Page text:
Vision Myths Busted: The Truth about Eye Health

Disclaimer: Results are not guaranteed*** and may vary from person to person***.

Vision Myths BustedToday, I’m going to give you the truth—the truth about your eyesight and what you can do to protect it.

I assume your eye health is very important to you—I know it’s big on my personal health list! Your vision lets you most vividly experience the people and things that you love, and it’s something you want to preserve for as long as possible.

And because sight is so valued, there is plenty of information—and misinformation—about what damages and protects vision. But what is myth and what is fact?

Vision Myths Busted

One popular myth about vision maintenance is that doing eye exercises—like focusing on your thumb, then an object behind it, then your thumb again—is effective. The truth is these exercises do virtually nothing to prevent the need for glasses or improve vision. Your sight is attributable to a number of factors, including eye shape and the health of tissue. Neither of these things is really affected by eye exercises.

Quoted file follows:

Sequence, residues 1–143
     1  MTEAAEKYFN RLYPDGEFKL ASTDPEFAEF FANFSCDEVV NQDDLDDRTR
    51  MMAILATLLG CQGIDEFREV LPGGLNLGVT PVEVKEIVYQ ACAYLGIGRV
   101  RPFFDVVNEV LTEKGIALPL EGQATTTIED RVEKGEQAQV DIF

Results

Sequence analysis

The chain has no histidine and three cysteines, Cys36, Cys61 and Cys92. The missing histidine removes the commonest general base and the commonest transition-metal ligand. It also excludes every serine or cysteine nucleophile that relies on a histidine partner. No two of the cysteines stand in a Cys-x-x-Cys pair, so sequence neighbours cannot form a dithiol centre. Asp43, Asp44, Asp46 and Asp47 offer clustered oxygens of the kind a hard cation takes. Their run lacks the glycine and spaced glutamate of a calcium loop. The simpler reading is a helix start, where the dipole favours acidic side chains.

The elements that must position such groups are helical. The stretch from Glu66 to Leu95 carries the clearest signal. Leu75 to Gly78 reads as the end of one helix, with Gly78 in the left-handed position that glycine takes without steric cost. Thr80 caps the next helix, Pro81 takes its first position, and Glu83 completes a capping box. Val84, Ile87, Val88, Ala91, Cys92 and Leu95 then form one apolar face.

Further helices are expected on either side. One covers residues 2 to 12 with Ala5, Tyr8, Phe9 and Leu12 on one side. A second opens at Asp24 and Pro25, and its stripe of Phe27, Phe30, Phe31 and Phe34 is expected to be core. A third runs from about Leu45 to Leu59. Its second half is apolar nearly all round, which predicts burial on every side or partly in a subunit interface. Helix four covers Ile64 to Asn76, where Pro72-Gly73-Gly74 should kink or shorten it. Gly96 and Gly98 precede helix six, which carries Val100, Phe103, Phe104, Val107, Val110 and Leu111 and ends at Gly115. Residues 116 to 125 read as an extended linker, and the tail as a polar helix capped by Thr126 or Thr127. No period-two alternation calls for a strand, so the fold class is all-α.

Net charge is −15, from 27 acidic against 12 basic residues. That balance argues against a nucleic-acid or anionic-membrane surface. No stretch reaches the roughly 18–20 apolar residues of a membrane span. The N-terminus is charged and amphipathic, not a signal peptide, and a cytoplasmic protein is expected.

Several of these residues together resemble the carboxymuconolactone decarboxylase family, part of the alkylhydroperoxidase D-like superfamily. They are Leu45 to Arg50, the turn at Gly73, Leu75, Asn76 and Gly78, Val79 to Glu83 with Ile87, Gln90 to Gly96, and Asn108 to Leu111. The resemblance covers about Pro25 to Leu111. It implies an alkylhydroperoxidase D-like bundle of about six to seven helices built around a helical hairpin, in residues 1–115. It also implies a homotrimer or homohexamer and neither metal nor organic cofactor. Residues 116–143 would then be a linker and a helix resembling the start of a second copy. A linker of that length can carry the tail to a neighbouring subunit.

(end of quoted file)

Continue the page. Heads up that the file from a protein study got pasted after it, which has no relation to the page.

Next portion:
Another popular myth about vision is that carrots are the best food for your eyes. Although the vitamin A in carrots is beneficial for vision, dark-green leafy vegetables and fresh fruits high in antioxidants like vitamin C and vitamin E are even better. Lutein and zeaxanthin are also found in those items, and they are associated with a reduced risk for cataracts and age-related macular degeneration (AMD).

How about all of those TV, computer, and smartphone screens? Staring at a screen all day isn’t necessarily bad for your overall vision or damaging to the eyes, but it can put them under strain. To limit the strain and discomfort, rest your eyes by pulling them away from a screen every 20 minutes or so, while making a conscious effort to blink so they remain lubricated. People focusing on screens tend to blink less, which leads to dryness and discomfort.

Ways to Maintain Your Vision

When it comes down to it, to maintain eye health, the best thing you can do is wear your glasses (if prescribed) and adopt a diet that promotes healthy eye tissue. Some of the foods to include are:

  • Orange peppers
  • Egg yolks
  • Blackcurrants
  • Bilberries
  • Citrus fruits
  • Nuts
  • Strawberries
  • Cantaloupe
  • Fish

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